By Rob Saint Laurent, M.Ed.
It’s May, and the coronavirus continues to weigh heavily on hearts and minds, as the nation continues to hear of the continuous and inevitable surge in infections.
No one is certain how long social distancing measures will be needed if the proposed national extension of May 4 is rescinded, and so we walk the tightrope of enduring anxiousness.
Because of the virus’ predicted seasonality, a recent (non-peer-reviewed) study by Harvard’s TH Chan School of Public Health, suggests that unless vaccines, drug therapies, and/or aggressive quarantines can be implemented, intermittent physical distancing may need to extend into 2022 for the US to stay within its critical care capacity.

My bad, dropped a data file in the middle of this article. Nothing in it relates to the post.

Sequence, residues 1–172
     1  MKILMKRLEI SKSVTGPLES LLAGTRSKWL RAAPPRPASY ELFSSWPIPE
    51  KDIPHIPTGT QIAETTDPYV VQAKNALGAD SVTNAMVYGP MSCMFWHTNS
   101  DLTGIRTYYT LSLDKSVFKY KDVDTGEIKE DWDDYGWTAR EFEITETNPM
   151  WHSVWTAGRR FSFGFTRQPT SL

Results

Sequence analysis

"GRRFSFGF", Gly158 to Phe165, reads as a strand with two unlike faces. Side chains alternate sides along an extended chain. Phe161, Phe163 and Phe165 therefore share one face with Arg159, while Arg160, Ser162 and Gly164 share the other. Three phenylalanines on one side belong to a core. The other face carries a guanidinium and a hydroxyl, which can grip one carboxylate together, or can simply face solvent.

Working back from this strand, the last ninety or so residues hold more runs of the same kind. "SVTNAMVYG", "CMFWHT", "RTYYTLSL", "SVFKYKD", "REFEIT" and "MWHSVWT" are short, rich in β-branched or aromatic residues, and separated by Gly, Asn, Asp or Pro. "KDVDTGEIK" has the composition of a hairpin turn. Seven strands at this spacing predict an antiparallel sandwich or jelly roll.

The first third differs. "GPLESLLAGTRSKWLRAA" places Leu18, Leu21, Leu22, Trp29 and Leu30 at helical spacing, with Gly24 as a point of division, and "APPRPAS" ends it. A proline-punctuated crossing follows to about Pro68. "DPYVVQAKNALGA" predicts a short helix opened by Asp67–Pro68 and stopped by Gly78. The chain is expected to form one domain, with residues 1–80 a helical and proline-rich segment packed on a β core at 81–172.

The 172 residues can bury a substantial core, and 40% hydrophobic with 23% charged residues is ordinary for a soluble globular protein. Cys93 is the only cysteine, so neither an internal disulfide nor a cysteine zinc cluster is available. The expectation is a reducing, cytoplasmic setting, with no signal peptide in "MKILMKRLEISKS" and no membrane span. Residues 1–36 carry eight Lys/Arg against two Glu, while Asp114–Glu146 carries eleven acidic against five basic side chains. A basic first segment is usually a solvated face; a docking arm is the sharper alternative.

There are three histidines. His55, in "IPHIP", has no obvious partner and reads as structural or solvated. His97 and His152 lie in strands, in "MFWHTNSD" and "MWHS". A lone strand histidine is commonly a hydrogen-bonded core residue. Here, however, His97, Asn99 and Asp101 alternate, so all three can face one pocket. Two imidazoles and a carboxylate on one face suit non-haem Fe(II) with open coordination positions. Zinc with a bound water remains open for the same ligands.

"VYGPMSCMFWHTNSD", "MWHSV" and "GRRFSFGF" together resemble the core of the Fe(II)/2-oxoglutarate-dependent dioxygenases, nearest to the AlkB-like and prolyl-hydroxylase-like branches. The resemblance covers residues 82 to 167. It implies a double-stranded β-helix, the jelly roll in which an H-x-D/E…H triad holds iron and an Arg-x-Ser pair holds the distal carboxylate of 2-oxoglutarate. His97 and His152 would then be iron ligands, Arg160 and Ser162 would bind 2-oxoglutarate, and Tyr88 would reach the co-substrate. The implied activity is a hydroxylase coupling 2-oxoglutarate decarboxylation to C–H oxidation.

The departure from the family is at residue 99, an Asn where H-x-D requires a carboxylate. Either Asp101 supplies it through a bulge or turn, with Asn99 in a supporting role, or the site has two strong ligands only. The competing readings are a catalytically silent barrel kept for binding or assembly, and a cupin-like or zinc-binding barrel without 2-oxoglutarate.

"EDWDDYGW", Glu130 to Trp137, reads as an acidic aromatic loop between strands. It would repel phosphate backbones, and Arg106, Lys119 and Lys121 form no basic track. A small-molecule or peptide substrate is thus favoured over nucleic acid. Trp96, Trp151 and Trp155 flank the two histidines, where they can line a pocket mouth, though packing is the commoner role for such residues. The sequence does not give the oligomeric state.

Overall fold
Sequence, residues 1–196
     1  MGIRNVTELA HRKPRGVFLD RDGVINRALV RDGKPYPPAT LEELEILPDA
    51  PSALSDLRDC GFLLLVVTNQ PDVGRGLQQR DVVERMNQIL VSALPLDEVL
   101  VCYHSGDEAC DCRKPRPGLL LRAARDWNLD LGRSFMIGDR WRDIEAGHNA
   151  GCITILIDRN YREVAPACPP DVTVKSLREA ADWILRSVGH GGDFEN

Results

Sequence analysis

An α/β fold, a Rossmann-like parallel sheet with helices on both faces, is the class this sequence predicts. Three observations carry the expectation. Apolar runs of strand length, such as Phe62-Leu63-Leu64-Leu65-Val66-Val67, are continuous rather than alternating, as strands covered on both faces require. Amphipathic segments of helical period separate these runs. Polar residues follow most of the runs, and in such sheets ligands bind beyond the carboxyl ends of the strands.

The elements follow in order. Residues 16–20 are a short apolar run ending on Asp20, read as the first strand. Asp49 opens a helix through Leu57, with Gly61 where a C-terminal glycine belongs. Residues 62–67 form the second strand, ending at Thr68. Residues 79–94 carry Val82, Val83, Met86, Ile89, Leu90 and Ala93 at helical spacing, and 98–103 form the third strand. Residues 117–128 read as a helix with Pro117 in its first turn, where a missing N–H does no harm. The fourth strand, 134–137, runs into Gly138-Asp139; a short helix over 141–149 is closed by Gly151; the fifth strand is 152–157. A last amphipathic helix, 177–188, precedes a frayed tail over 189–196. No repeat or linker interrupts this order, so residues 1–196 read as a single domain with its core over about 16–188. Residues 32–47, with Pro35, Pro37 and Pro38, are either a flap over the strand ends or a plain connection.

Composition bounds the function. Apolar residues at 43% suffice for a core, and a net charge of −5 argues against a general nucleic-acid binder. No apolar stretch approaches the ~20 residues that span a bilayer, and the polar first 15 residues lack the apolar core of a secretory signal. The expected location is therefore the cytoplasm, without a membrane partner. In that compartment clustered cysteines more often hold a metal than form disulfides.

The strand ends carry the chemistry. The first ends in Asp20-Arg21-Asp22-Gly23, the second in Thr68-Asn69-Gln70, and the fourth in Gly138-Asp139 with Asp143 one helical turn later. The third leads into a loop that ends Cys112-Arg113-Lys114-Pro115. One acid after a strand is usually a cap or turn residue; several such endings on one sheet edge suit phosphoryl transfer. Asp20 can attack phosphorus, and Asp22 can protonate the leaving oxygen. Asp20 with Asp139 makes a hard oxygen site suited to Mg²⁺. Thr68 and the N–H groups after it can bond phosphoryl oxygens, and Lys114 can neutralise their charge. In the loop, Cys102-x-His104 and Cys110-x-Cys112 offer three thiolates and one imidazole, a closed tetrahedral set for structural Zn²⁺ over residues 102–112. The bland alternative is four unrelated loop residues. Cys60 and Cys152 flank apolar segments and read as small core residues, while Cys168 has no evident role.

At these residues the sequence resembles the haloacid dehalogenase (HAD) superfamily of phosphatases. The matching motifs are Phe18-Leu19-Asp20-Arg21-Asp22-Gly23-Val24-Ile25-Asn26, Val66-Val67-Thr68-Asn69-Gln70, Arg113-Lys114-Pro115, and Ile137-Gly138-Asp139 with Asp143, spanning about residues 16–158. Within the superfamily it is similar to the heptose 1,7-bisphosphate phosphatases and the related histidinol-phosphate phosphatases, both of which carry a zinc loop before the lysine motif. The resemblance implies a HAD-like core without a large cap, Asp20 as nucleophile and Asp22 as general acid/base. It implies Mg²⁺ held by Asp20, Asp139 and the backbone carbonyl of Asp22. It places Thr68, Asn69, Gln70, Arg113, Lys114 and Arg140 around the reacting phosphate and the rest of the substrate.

In the wake of extended social isolation and its fallout to the economy, it is the impact on mental health. A recent March 25-30 tracking poll, by the Kaiser Family Foundation, found 45 percent of Americans now feel an adverse psychological impact from the pandemic—a 13 percent rise from March 11-15.
Even before the coronavirus, the incidence of loneliness had already reached epidemic proportions in the US. A 2018 national survey by Cigna found that at least 40 percent of 20,000 Americans felt their social relationships were sometimes or always non-meaningful, while nearly 50 percent said they sometimes or always felt lonely or socially isolated. Youngest adults were most susceptible.
Meanwhile, as people reel from the uncertainty of lost income with many confined to living in close proximity, there have been increasing reports of domestic violence worldwide.
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